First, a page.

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From Where We Sit

Not all dreams come true

Anton Ng

When I was four years old, I dreamed of becoming an architect so I can design a house for my mother. As soon as I realized how hopeless the sketches I made looked, that was the end of it. I also dreamed of becoming a rock star; heard my own signing voice and never dared to sing in the showers again. Dreamed of becoming a professional basketball player but I could not even get any respectable playing time in our barangay basketball league. There were many other different careers I aimed for while I was growing up – and being a certified public accountant was definitely not one of them.

Good thing, back in those days, nobody told me that I can be whoever I want to be and that if I put in the work, persevered and devoted my time and energy, I could make my dreams come true. As we go through life, we are constantly reminded of how cruel and unfair the world can be; that in a world where people have different goals to pursue, their quest to reach their dreams may cost you reaching your own. You might have lost your scholarship because somebody else’s unqualified nephew took your spot. How about receiving a failing grade because you did not reciprocate the sexual advances of your professor? How many plans and dreams did the collapse of Enron crush? Imagine being a Major League Baseball (MLB) pitcher who dreamed of winning a World Series game but somehow lost because your opponent was cheating.

During the past several weeks, there was a big controversy surrounding MLB. A team from Texas, the Houston Astros, was found to have cheated their way to being declared as the World Series champions in 2017. They cheated with the help of technology to steal pitching signs used by their opponents, the Los Angeles Dodgers, during the championship series.

Coaches, players and even senior officials of the organization were found to have participated, in one way or another, in this scandalous activity. Many sports pundits were pointing at the culture within the organization as the driving force. The win-at-all-cost-and-we-are-smarter-than-everyone-else mentality has led them to believe that they can get away with it, and the everybody-is-cheating-anyway mindset is probably how they justified it to themselves that what they were doing was okay.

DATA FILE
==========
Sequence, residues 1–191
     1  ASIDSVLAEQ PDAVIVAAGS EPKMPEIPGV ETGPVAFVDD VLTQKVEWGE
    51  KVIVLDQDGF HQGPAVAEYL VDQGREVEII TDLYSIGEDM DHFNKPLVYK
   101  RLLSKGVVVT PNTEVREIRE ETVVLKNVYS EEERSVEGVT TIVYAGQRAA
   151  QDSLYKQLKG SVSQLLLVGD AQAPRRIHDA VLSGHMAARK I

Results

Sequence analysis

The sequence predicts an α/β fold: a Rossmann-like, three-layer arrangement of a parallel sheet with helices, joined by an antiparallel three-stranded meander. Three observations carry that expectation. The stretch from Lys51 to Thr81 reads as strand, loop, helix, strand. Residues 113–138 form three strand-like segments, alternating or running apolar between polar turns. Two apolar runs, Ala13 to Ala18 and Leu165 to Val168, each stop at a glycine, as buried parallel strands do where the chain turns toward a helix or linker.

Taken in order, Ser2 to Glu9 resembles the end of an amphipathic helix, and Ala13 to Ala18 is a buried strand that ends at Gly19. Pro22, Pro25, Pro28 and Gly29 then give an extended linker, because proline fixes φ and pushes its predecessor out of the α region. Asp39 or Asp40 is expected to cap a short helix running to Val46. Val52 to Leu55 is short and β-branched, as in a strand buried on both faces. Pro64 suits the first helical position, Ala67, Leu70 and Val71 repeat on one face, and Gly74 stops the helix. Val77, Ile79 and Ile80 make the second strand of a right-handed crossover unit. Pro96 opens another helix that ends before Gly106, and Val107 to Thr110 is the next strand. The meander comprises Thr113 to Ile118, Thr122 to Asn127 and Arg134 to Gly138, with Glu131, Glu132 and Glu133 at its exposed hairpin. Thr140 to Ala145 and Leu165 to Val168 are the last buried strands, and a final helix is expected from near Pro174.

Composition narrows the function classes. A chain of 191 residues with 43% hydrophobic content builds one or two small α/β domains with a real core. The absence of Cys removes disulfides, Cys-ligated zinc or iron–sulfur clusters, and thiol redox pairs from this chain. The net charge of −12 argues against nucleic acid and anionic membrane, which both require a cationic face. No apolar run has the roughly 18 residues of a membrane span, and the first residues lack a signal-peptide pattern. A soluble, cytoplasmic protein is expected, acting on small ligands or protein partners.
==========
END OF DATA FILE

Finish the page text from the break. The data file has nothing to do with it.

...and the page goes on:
These acts of cheating, corruption, nepotism and the likes, have direct and indirect implications to somebody else’s life, and to somebody else’s dream. In the perpetrators’ desire to pursue their own dreams, somebody else’s was destroyed.

This reality should lead us to the conclusion that in this world, dreaming is not enough; having a clear goal is not enough; persevering and never quitting are not enough; hard work, talent, intelligence, skills, time, effort are never guarantees that you will reach your goals; that you will never experience heart breaks; that you will get your desired results; and that you will be rewarded. All these can never guarantee success, but we should still do it anyway. We should still pursue our goals, especially those that help provide for our own needs, our loved ones’, our community’s. Dream of them, persevere, put your effort and time in these pursuits because what else are we supposed to do in this life? At the end of the day, we may or may not achieve what we have set out for ourselves. Somebody, or maybe even our own selves, have done something that prevented us from achieving our goals. Hopefully, knowing this reality would not crush our spirits to continue to pursue the same thing or other things. May we never be too naïve to think that we can achieve anything that our hearts desire and would be devastated when we cannot; nor may we never be pessimistic to even try pursuing anything in this life because “none of it will come true anyway,” for where is the joy in that? May we all have enough courage to pursue our dreams, whatever the results of that journey would be; and may we all have enough resilience and love to go through our failures until we start our next journey once again.

It is now my kids’ turns to have their childhood dreams of what they want to be. Ballerina, fashion designer, model, vlogger, doctor are just some of the careers that, at some point of their very young lives, have been identified as a possible future career. I never promised them anything but my love and support, whether those dreams would become their realities or not.

Anton Ng is a Partner in the Audit and Assurance division of P&A Grant Thornton. P&A Grant Thornton is one of the leading audit, tax, advisory, and outsourcing firms in the Philippines, with 23 partners and more than 900 staff members. We’d like to hear from you! Tweet us: @PAGrantThornton, like us on Facebook: P&A Grant Thornton, and email your comments to or For more information, visit our website:


As published in The Manila Times, dated 22 January 2020